But we were talking about the Armageddon PPV, which had a lot more to it than Tim White committing suicide. 
     
    It also had a very good Booker/Benoit match, which was universally praised as the best of the night. MNM/Mexicools also reviewed very well, with many putting it slightly above the over-long and under-paced Orton/Taker HitC main event. If praise for Booker/Benoit was universal, so was the utter disappointment that many felt about the RAW/SD! tag match, which clocked in at about half-as-long as I would have guessed and limped to a confoundingly-anti-climactic finish.
     
    I'm not sorry I took a pass on this one, folks. Nothing I've seen from those of you who saw the show makes me feel like I'll be going out of my way to see it (via either legal or illegal means) in the near future. In fact, I got a funny story from OO's Man In Vegas -- where they go Hooters one step further and actually screen WWE PPVs at a strip club -- who said that people began trickling out of the TV/bar area to go look at bOObies throughout the second half of the show, leaving only an anemic crowd of loyalists by the time HitC happened. Heh.
     
    For my money, if the only thing that stuck out as notable good was Benoit/Booker, well, then.... let's just say they've got 3 more matches to go in that series, and I'll just wait for them to top themselves on a show I *do* watch.
     
    For full details of the night's action -- which sounds like it was guite promising for about an hour or so before heading downhill fast -- check out Kara Hays' Armageddon PPV Recap. Hey, even if you're not all that interested in the show, it's a recap on OO by somebody who can accurately identify members of MNM who aren't Melina. Who knows when that'll ever happen again?
     
  • Armageddon created a whole OTHER slew of headaches, too, besides the frustration over WWE's apparent inability to self-censor their dumbest ideas.
     
    That's because, at the conclusion of 2005's PPV Year, Online Onslaught dot com has to pull a "Time" Magazine, and split our PPV Predictions Crown two ways. And neither half belongs to me, goddammit.
     
    After going into the show with a slim lead in terms of raw percentage, I'm pretty sure I turned in a 3-for-6 showing at Armageddon; at least, according to PF's stats, a certain "Erick Scainderson" hit .500 for the PPV. That bumped me down to second place, one measly match behind Matt Hocking.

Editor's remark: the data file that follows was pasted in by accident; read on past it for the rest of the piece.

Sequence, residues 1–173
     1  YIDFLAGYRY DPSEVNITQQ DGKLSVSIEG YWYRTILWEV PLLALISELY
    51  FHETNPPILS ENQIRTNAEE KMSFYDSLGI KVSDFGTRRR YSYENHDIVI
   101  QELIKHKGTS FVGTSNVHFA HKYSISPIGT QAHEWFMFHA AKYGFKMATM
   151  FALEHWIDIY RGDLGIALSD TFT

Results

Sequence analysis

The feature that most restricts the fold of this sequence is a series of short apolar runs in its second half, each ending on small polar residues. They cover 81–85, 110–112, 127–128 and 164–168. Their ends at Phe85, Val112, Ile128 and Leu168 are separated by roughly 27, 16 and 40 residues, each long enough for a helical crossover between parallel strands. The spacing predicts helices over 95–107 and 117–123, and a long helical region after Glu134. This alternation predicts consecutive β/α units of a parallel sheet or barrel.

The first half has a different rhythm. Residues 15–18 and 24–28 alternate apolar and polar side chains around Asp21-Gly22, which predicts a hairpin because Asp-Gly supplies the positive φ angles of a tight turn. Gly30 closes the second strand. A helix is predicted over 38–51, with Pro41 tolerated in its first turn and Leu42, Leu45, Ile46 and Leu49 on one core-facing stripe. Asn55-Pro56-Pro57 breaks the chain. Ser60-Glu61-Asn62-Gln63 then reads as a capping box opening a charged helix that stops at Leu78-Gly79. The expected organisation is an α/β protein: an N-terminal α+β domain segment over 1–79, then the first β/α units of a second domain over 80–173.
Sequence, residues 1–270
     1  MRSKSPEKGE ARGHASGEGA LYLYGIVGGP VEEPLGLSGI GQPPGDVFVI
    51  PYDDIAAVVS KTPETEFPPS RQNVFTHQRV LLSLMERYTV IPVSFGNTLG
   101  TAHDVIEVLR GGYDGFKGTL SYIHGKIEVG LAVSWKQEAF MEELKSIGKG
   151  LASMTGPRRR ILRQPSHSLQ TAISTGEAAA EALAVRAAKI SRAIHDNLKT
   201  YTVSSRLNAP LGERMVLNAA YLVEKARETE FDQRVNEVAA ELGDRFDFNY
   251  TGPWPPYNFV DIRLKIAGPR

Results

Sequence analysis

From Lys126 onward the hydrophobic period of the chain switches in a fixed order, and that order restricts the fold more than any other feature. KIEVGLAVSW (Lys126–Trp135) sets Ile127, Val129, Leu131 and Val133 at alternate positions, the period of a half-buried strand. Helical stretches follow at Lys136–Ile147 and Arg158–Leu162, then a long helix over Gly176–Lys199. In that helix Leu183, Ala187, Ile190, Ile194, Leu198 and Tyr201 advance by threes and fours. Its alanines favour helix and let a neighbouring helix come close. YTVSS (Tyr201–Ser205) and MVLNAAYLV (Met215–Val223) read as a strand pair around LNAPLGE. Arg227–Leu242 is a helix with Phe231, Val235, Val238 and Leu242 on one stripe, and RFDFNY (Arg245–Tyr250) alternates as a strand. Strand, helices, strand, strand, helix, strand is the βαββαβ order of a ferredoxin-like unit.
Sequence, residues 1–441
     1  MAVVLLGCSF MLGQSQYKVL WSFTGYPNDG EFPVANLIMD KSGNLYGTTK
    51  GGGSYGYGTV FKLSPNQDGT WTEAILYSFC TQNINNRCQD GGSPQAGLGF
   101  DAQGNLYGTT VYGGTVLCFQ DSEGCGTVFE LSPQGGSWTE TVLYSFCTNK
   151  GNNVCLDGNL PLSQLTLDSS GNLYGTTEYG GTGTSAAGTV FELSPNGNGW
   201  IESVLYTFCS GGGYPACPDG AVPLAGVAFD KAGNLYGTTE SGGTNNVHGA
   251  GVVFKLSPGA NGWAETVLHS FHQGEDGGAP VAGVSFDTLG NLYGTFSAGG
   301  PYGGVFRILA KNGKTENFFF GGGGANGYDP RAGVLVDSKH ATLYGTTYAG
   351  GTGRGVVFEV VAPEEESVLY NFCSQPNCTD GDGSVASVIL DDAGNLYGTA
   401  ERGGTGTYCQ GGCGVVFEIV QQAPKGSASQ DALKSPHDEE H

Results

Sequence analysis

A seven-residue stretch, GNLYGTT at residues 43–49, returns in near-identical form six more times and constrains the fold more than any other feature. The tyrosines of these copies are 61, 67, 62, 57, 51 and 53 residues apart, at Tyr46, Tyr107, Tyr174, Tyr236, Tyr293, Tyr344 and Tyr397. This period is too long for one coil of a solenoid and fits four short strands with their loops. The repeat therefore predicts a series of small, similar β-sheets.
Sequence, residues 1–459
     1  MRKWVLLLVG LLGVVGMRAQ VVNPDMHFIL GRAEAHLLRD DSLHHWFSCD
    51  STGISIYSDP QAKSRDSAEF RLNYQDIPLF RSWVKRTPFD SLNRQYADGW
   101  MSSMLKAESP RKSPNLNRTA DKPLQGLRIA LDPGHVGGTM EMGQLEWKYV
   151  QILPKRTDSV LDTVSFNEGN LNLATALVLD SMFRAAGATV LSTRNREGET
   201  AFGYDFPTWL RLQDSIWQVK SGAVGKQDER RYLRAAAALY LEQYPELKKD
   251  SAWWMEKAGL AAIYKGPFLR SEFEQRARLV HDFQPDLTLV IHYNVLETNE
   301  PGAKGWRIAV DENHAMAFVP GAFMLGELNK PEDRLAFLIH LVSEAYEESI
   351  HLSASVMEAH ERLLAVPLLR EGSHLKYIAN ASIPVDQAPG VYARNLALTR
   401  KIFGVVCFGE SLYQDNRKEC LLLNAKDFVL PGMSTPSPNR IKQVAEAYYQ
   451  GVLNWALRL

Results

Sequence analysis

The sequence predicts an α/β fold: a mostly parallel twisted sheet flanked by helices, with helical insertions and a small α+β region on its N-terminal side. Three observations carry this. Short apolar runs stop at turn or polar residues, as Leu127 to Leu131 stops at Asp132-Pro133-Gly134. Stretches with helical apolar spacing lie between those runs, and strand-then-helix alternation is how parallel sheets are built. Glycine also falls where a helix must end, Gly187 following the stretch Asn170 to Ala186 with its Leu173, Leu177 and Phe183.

In terms of our Weighted Points scheme, Adam Gutschmidt retained his lead to take that half of the crown (and I again finished second).
     
    So congrats to Matt and Adam. I guess what I'll do is take this crown and saw it in half? And then you can each wear your half like a tiara? Something like that, anyway.
     
    Meantime, the award for "Most Improved Prognosticator" is a bottle of whiskey. I award it to Myself, as I went from tied for worst last year to second place this year. Why is the prize for this award bOOze? Simple.... because any year in which I got so much better at thinking like a WWE Writer Monkey is a year in which I need to start aggressively trying to kill whatever braincells are up there causing this cancerous conversion of my intellect. Either that, or I just need to numb the pain.
     
    You can get the full Staff Rankings -- not just for Armageddon picks, but also for the entire year -- in PyroFalkon's 2005 OO PPV Warfare Stats.
     
  • Catching up on some ratings...
     
    I think I somehow managed (between half-assing it on Wednesday and then having Friday be the PPV preview) to not report last week's RAW rating. It was a 4.1, identical to the week before. Unlike the week before, I would say such a strong number was mostly undeserved...
     
    And this weekend's SmackDown! did a 2.9 rating, holding pretty much rock solid at its present average. I can't remember the last week when SD! deviated from a 2.8 by more than one-tenth either way.
     
    Something kinda interesting about ratings.... starting next week, Nielsen will begin factoring in DVR households before issuing final ratings. The current technology had only allowed for Nielsen to count households that watch a program in real time, as it is broadcast.... but new technology (according to my reading, anyway) will be able to track the viewing of recorded and time-shifted shows, including whether or not show are re-watched before being deleted and what parts of the shows/commercials are replayed or fast-forwarded.
     
    TiVo has had a version of that data for a couple of years (I remember reading that the "most replayed moment" of 2004 was Janet Jackson's exposed Nipple Armor), but this'll be the first time somebody will try to sample DVR viewing habits relatively scientifically. I'm not sure what form the ratings reports will take or what kind of data will be made available to us, but I'd be curious to see what sorts of behaviors are out there among wrestling fans with DVR capability. Just to sort of see how my behaviors match up to others as I try to hone my concept of a "primary" versus "secondary" audience.